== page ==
Fight only if you must. Sometimes, the best way to win a battle is not to fight at all.
Harsha Bhogle has been axed as commentator by the Board of Control for Cricket in India (BCCI) from the IPL 9 Season. As is the case with most BCCI decisions, no reasons are forthcoming. Meanwhile, the rumor mills are working overtime to suggest that any of these three – or all – reasons may be valid: BCCI being ‘deeply influenced’ by innocuous (per me) Tweets by Amitabh Bachchan and M.S.Dhoni conveying their personal opinions on how commentators must commentate; Harsha’s run-in with a Vidarbha Cricket Association official in Nagpur over a common-sensical suggestion and how Shashank Manohar, the current BCCI President, stepped in and stood up for this official; or how players have begun to influence the BCCI on who should be chosen as commentators. But when news broke out on Saturday evening, when the first match of IPL 9 was being played between Mumbai Indians and Rising Pune Supergiants, that Harsha will not commentate, the man in the spotlight was off to watch a movie with his wife Anita in Mumbai. All he did was he tweeted his surprise at the turn of events.
I think this is a phenomenal quality that Harsha’s got – to not fight everything and everyone that comes in your way!
Though not among my personal favorites (L.Sivaramakrishnan and Danny Morrison are), Harsha is clearly a world-class cricket commentator. He’s worked hard to follow his bliss and he, deservedly, is very, very admired. Just the outpouring of sentiment in his favor, over his axing, is evidence of how much he’s loved. Yet, the landscape in which he plies his trade is fraught with BCCI’s mafia-like ‘control’ of the game and infested with intra-organizational, political landmines. And Harsha perhaps knows this better than anyone else. Hence his choice to not lose his dignity or sanity trying to stir an already confounded situation is commendable. Undoubtedly, the public – his fans and followers of the game – is with him.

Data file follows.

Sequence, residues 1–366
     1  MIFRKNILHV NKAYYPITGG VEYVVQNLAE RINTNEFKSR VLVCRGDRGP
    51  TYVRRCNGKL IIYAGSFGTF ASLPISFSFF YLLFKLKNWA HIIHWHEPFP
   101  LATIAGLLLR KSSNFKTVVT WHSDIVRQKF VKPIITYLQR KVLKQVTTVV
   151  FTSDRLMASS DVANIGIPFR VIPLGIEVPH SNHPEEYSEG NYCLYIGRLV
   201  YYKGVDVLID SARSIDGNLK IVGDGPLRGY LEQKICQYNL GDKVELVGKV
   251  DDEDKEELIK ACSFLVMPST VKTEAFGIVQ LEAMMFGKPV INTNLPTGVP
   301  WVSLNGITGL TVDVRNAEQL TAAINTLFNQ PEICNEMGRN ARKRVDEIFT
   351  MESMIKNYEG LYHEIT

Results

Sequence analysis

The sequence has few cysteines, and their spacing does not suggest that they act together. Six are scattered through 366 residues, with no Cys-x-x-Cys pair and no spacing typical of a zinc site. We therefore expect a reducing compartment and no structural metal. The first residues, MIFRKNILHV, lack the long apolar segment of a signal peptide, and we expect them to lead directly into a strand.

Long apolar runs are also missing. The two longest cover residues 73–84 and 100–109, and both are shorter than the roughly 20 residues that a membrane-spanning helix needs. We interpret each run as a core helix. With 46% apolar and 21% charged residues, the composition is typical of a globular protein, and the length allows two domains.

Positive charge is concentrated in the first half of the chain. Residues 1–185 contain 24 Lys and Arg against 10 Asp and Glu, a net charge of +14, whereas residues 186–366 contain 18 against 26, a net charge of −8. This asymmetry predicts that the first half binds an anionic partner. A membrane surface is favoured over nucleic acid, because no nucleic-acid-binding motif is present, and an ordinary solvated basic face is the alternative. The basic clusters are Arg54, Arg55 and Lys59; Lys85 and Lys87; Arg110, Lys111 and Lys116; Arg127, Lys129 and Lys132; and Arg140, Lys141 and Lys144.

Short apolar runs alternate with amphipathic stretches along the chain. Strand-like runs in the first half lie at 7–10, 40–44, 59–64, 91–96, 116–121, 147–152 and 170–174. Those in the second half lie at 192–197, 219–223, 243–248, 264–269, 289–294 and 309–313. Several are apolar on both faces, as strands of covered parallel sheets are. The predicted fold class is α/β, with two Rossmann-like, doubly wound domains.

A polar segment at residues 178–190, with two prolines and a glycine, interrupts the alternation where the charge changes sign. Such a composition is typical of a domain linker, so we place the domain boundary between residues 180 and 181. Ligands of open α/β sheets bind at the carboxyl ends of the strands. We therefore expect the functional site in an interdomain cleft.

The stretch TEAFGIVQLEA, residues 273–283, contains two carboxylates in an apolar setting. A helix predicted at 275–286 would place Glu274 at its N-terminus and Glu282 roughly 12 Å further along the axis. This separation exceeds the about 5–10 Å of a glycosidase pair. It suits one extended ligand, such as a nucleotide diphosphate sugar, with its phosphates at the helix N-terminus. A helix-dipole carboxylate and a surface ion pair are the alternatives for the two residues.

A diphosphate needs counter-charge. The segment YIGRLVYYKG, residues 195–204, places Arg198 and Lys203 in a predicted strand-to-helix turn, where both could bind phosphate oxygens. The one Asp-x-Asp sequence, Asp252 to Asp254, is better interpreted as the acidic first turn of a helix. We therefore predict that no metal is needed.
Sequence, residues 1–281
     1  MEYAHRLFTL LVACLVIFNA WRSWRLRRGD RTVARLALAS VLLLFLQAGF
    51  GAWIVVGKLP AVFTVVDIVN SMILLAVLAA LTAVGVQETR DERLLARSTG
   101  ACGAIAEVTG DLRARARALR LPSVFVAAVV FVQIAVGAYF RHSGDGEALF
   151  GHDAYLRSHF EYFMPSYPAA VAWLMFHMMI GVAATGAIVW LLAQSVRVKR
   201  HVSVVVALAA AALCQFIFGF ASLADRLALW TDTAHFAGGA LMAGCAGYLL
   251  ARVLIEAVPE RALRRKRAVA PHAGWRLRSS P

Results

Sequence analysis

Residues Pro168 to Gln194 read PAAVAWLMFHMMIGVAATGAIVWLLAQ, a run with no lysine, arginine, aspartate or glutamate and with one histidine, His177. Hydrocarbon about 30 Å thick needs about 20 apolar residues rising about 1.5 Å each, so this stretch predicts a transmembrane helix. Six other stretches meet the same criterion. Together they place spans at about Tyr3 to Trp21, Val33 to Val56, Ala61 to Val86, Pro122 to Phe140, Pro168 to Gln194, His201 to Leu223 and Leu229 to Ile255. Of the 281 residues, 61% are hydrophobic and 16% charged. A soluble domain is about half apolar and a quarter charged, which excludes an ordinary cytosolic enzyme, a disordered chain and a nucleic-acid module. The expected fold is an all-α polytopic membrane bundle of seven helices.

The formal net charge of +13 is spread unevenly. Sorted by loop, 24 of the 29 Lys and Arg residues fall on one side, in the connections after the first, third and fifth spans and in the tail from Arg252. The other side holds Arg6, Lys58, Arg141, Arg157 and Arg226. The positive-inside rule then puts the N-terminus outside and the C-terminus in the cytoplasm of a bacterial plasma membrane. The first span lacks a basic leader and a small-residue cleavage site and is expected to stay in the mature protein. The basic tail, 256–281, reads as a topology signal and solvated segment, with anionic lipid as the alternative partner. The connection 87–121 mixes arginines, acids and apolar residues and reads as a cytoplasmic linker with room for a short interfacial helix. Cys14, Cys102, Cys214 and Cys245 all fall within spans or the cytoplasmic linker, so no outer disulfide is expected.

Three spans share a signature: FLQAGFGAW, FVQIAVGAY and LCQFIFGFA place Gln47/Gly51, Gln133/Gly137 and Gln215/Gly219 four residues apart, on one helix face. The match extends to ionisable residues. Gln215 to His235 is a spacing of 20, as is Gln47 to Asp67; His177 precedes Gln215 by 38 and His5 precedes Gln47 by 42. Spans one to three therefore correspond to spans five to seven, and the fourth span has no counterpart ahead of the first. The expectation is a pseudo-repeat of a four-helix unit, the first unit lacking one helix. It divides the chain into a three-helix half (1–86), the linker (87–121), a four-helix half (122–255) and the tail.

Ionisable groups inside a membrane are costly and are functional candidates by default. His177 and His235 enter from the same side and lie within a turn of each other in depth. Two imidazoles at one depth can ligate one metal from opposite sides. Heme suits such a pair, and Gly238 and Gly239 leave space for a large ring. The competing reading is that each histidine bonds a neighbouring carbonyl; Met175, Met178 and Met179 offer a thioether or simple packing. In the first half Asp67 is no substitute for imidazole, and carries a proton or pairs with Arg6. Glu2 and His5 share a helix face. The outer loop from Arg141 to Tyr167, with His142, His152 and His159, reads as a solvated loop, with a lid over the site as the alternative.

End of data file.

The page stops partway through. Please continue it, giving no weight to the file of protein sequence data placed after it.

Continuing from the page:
There’s a learning here for all of us. When someone queers your pitch, just walk away. You don’t have to respond to every provocation or pick up every gauntlet that’s hurled at you. Some battles are best left unfought. People react to situations based on their own insecurities, perversions or justifications. Things happen in Life because that’s the way Life is – it keeps on happening, endlessly, often mindlessly. So, if you get embroiled in trying to bulldoze your way every single time someone or something becomes an obstacle, you will only be fighting inconsequential battles all your Life. Precious personal positive energy will get drained this way. Sometimes it is better to be silent and work around a problem person or situation than wanting to decimate an obstruction. Be stingy about where your energies go. Choose the good fight – where there’s a cause, where more than just you will be benefited, where there’s an opportunity that your victory can make the world better. For any other battle, not fighting is perhaps the best way to win!